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A Sommelier's Blog - Rose' Wine
"If God forbade drinking, would He have made wine so good?"
Grape du Jour: Rose' [roh-ZAY]
French for "pink" or "rose-colored," used in the wine world to refer to wines of this color. Usually made with red grape varietals, Grenache, Cinsault, Syrah and others. The skins are removed after two or three days of maceration. This leaves the gorgeous color that Rose's are known for. The American misconception is that these are sweet wines. Most of these wines are dry and have a strawberry, watermelon, and perfumey rose notes with hints of spice. These wines are perfect for warm summer days, being low in alcohol and tannins. They are perfect for spring/summer salads that have fruit, nuts and mild cheeses and light greens. Some of these wines do have the structure to pair perfectly with grilled white fishes, vegetables, light tomato sauces, and shrimp. The best Rose's come from the south of France. The southern Rhone Valley is famous for the different styles of Rose'. Most of these wines are made with a blend of Grenache and Mourvedre'. Taval is the main town that specializes in Rose' wine. Some of these wines can fetch a tidy price but most are very reasonable. The value driven wines are made all over the Languedoc-Roussillon region of France. New World producers are turning out great Rose's as well. The Central Coast of California, due to the amount of Rhone varietals grown in this region, are making very beautiful and flavorful Rose wine. Try something new, try Rose'
Domaine Tempier - Bandol Rose' 2009, Taval, France
Tablas Creek - Rose' 2009, Paso Robles, California
Tolosa Winery - Rose', Grenache 2009, Edna Valley, California
Jean-Luc Colombo - Vin de Pays de Mediterranee' Rose' Cape Bleue 2009, Vins Pays D'oc, France
A little wine talk:
Well, it looks like the weather is going to be nice to us for a little bit. Time to get some sun, head out to golf course, take a walk on the beach. Time to start thinking about pulling the BBQ out and planning summer vacations. Time to start thinking of a new crop of produce, strawberries, corn, zucchini, and watermelon. Hey, I just made a salad, add a light vinigarette and some goat cheese. Money!! Time to start thinking of wine. With a new harvest of spring and summer produce, we have to think of spring and summer wines. We already started with Rose's, now it's time to have some fun! Europe is the place to go for value driven, fun white wines and soft to medium bodied red wines. The Rhone Valley region of France offers light to medium bodied red and white wines that are crisp, minerally with apple, pear, and honeysuckle notes for the whites and soft cherry, rose and lavender flavors for the reds.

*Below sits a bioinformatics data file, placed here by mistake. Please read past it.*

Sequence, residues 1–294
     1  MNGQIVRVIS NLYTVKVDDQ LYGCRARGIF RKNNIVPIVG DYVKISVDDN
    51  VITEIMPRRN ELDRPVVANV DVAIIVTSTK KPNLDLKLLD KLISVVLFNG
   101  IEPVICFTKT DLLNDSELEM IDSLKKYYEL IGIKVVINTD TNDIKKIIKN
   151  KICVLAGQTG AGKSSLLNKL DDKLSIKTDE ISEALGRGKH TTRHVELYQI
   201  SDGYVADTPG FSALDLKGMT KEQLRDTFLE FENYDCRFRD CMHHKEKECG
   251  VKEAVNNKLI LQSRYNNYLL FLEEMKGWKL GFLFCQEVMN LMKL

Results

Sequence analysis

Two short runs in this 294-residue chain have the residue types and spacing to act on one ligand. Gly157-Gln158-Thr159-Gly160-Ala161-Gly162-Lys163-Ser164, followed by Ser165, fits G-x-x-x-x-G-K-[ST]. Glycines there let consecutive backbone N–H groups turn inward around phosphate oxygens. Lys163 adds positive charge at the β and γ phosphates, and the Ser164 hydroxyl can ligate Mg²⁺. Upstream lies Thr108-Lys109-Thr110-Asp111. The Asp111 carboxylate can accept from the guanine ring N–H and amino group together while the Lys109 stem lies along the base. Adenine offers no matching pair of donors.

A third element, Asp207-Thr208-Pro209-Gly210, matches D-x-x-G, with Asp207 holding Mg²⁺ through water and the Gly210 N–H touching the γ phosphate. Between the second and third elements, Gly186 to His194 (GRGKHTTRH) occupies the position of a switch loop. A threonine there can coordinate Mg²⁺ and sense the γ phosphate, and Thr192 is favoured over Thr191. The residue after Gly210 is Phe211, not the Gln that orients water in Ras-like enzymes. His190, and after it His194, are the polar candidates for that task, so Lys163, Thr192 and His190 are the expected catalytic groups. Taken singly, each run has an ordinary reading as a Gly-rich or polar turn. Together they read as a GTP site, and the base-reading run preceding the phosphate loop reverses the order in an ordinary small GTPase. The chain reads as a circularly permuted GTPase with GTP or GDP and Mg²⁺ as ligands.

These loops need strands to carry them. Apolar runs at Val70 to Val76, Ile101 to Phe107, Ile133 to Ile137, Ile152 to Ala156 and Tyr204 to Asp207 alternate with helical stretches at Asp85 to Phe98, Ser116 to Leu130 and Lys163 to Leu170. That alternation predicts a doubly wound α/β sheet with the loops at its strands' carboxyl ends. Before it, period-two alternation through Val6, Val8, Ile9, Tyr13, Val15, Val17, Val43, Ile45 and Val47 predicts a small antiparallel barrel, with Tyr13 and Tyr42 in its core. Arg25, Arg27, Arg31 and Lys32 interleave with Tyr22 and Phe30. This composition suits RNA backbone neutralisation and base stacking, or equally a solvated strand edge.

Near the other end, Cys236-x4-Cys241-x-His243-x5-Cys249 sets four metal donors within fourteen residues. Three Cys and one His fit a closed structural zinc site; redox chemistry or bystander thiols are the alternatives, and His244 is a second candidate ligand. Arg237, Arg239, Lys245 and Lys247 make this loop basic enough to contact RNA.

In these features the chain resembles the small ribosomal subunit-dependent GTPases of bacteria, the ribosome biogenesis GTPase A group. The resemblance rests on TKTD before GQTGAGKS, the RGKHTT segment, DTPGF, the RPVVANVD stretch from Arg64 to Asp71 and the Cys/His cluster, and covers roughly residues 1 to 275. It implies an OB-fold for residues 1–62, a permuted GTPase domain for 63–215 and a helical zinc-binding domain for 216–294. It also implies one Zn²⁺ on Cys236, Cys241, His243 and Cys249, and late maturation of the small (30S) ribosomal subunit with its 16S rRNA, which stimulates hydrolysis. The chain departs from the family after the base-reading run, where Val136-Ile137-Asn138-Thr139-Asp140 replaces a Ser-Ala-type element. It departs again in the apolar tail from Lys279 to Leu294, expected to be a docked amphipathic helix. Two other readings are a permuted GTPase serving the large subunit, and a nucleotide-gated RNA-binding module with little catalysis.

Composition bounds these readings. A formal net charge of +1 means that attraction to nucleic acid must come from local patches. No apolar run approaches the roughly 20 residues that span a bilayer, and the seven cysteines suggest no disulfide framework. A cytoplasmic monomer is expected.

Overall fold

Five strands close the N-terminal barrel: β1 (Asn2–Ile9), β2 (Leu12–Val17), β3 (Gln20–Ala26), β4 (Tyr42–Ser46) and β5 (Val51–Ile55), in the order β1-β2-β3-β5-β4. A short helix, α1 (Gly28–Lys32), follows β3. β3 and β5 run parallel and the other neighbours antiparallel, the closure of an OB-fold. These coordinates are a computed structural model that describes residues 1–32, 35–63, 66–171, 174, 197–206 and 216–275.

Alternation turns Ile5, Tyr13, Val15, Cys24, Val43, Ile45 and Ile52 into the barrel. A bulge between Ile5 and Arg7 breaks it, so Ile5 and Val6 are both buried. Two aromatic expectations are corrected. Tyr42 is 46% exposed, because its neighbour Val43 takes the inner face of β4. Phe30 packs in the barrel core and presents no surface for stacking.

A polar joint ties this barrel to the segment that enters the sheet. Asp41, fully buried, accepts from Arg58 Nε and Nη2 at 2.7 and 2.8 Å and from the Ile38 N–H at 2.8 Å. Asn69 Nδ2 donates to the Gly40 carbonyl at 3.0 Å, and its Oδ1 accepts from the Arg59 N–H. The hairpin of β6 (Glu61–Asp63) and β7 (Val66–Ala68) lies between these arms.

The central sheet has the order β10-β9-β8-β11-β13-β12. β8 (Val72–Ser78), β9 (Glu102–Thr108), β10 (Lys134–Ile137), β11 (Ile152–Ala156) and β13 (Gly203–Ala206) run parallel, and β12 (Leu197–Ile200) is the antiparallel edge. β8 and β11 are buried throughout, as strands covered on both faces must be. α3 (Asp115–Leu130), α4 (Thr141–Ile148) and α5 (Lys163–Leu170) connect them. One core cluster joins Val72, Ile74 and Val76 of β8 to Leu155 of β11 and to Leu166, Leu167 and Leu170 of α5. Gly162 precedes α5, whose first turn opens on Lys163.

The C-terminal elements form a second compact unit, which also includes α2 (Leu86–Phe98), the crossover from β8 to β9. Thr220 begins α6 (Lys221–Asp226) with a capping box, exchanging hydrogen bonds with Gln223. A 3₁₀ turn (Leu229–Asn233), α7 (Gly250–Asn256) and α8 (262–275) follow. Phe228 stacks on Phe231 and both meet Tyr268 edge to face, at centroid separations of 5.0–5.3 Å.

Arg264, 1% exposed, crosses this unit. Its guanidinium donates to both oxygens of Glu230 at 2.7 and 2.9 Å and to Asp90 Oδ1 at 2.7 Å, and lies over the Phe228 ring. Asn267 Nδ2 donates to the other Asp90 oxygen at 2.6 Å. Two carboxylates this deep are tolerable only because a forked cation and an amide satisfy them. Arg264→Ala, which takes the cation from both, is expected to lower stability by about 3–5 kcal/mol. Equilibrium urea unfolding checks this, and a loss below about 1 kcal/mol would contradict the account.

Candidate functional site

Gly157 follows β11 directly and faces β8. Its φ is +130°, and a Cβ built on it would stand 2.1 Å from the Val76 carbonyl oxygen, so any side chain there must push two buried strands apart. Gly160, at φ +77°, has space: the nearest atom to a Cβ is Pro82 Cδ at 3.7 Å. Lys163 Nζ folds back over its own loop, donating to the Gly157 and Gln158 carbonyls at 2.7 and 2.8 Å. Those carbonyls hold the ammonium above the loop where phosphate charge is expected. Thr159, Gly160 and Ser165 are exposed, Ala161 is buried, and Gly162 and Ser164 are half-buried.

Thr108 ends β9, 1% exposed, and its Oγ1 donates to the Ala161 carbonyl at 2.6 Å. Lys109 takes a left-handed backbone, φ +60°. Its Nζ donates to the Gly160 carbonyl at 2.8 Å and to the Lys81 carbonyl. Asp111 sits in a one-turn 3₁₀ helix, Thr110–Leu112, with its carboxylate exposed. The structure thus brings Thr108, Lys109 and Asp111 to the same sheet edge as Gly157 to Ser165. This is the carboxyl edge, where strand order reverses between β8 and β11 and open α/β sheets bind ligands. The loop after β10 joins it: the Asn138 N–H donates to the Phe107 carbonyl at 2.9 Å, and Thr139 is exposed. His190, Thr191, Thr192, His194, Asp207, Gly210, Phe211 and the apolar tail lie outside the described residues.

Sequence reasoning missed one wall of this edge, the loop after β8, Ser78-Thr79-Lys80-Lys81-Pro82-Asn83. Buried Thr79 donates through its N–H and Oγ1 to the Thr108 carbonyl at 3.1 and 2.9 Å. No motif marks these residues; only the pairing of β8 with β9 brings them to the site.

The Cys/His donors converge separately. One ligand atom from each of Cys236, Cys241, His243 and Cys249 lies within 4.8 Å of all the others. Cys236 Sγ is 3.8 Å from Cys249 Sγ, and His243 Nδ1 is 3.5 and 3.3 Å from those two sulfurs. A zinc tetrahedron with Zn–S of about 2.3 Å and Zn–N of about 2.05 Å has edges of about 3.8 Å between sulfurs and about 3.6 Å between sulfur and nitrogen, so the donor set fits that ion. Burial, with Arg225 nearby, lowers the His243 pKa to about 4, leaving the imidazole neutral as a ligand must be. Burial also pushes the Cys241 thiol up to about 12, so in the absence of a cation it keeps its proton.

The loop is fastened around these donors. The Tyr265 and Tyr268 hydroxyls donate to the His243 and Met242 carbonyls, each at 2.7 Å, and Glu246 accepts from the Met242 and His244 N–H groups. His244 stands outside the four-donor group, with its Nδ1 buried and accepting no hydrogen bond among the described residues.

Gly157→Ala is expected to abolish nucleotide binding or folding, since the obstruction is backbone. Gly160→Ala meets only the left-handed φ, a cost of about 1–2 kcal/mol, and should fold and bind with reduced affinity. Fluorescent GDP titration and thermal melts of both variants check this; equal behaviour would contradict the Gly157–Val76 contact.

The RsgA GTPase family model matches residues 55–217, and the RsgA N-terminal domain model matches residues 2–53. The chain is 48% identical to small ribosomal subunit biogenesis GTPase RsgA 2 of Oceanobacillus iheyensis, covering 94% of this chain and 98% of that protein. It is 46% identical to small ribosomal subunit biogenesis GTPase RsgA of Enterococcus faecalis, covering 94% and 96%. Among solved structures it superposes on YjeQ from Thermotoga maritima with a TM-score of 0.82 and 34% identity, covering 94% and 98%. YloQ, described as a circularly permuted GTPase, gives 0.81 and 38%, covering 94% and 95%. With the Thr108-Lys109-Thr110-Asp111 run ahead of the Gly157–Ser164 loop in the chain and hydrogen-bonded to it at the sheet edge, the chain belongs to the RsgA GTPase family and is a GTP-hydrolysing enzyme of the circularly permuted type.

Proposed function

Germany offers some fine Reislings that are perfect for spring and summer fare. You don't have to get the full-blown Spatlese's, the ones we are used to, try a Kabinett style of Reisling. These are a little drier than most and offer a lime zest, peach, and apricot flavors. Austria's Gruner Veltliners have a clean grapefruity and mineral way about them. Spain's Verdejo's and Albarinos, Portugal's Vino Verdhe's, and Italy's Trebbiano's and Muscato's. There is a world of fun out there. Go find it!!
I Need to talk about something that bugs the heck out me - Snobs and know-it-all's. These people make wine drinking insufferable. Why do I need a retort every time I talk wine with my friends. Why do I need to read about food and wine pairings that are more adjectives than nouns. Do we all have some innate sense of smell and taste comparable to a bear? I was always taught in the restaurant business to keep things simple. The more on the plate, the more chance for mistakes.
I have a friend who always over-thinks blind tasting. She get's the core of the tasting, then looks way more into it than need be. She can never stick to her guns. Wine is meant for us to enjoy and relish with friends and food, right! Let's leave it at that.
Cheers and Drink Good Wine!
The Wine Lover